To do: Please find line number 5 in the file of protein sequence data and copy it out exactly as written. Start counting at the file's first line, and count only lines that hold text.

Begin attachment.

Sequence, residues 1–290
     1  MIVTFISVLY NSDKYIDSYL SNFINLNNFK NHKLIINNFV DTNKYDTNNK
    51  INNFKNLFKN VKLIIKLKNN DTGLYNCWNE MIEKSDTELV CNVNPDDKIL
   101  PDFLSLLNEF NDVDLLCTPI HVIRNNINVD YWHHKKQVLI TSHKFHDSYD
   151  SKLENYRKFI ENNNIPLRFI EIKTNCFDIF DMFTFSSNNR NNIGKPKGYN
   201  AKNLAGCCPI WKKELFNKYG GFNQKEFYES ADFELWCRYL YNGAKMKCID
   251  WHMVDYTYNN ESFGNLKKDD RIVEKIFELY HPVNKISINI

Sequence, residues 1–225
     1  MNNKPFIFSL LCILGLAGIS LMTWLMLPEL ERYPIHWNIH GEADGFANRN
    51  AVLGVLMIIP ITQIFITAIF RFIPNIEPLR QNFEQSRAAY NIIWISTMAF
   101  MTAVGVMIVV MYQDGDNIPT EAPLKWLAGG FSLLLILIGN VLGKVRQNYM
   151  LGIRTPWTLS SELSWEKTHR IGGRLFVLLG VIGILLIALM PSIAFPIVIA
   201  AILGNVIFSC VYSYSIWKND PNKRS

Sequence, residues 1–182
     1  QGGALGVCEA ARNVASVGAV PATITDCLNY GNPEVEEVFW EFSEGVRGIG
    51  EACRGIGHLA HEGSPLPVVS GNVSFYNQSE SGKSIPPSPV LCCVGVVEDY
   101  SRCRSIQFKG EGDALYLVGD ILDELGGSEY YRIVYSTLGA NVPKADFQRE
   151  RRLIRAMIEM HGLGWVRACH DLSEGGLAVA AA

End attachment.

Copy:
   151  SKLENYRKFI ENNNIPLRFI EIKTNCFDIF DMFTFSSNNR NNIGKPKGYN